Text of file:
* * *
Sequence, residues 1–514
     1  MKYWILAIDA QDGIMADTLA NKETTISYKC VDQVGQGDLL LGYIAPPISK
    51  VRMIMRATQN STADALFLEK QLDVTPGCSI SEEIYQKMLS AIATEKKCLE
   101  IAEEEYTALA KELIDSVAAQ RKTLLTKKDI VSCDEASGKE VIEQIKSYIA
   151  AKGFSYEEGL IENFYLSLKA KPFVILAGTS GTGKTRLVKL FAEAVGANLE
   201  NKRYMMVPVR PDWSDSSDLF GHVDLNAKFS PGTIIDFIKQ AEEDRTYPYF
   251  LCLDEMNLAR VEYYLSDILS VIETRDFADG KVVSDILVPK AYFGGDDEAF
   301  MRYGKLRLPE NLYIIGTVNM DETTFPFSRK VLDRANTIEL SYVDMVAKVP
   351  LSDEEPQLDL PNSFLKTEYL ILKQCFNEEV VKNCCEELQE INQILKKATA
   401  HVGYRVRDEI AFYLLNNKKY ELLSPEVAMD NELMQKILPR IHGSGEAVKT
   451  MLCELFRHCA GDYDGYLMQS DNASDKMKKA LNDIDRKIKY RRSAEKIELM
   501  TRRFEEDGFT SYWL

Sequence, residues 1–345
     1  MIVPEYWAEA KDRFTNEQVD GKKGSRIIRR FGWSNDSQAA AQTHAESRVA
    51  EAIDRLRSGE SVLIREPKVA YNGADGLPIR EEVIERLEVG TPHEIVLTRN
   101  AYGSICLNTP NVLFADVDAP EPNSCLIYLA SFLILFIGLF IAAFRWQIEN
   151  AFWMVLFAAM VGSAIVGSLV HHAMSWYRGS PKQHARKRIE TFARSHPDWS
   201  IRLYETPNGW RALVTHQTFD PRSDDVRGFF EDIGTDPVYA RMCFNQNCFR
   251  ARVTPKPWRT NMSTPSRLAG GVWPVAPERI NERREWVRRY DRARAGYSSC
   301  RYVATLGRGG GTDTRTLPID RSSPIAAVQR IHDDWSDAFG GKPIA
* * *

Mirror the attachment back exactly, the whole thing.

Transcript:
Sequence, residues 1–514
     1  MKYWILAIDA QDGIMADTLA NKETTISYKC VDQVGQGDLL LGYIAPPISK
    51  VRMIMRATQN STADALFLEK QLDVTPGCSI SEEIYQKMLS AIATEKKCLE
   101  IAEEEYTALA KELIDSVAAQ RKTLLTKKDI VSCDEASGKE VIEQIKSYIA
   151  AKGFSYEEGL IENFYLSLKA KPFVILAGTS GTGKTRLVKL FAEAVGANLE
   201  NKRYMMVPVR PDWSDSSDLF GHVDLNAKFS PGTIIDFIKQ AEEDRTYPYF
   251  LCLDEMNLAR VEYYLSDILS VIETRDFADG KVVSDILVPK AYFGGDDEAF
   301  MRYGKLRLPE NLYIIGTVNM DETTFPFSRK VLDRANTIEL SYVDMVAKVP
   351  LSDEEPQLDL PNSFLKTEYL ILKQCFNEEV VKNCCEELQE INQILKKATA
   401  HVGYRVRDEI AFYLLNNKKY ELLSPEVAMD NELMQKILPR IHGSGEAVKT
   451  MLCELFRHCA GDYDGYLMQS DNASDKMKKA LNDIDRKIKY RRSAEKIELM
   501  TRRFEEDGFT SYWL

Sequence, residues 1–345
     1  MIVPEYWAEA KDRFTNEQVD GKKGSRIIRR FGWSNDSQAA AQTHAESRVA
    51  EAIDRLRSGE SVLIREPKVA YNGADGLPIR EEVIERLEVG TPHEIVLTRN
   101  AYGSICLNTP NVLFADVDAP EPNSCLIYLA SFLILFIGLF IAAFRWQIEN
   151  AFWMVLFAAM VGSAIVGSLV HHAMSWYRGS PKQHARKRIE TFARSHPDWS
   201  IRLYETPNGW RALVTHQTFD PRSDDVRGFF EDIGTDPVYA RMCFNQNCFR
   251  ARVTPKPWRT NMSTPSRLAG GVWPVAPERI NERREWVRRY DRARAGYSSC
   301  RYVATLGRGG GTDTRTLPID RSSPIAAVQR IHDDWSDAFG GKPIA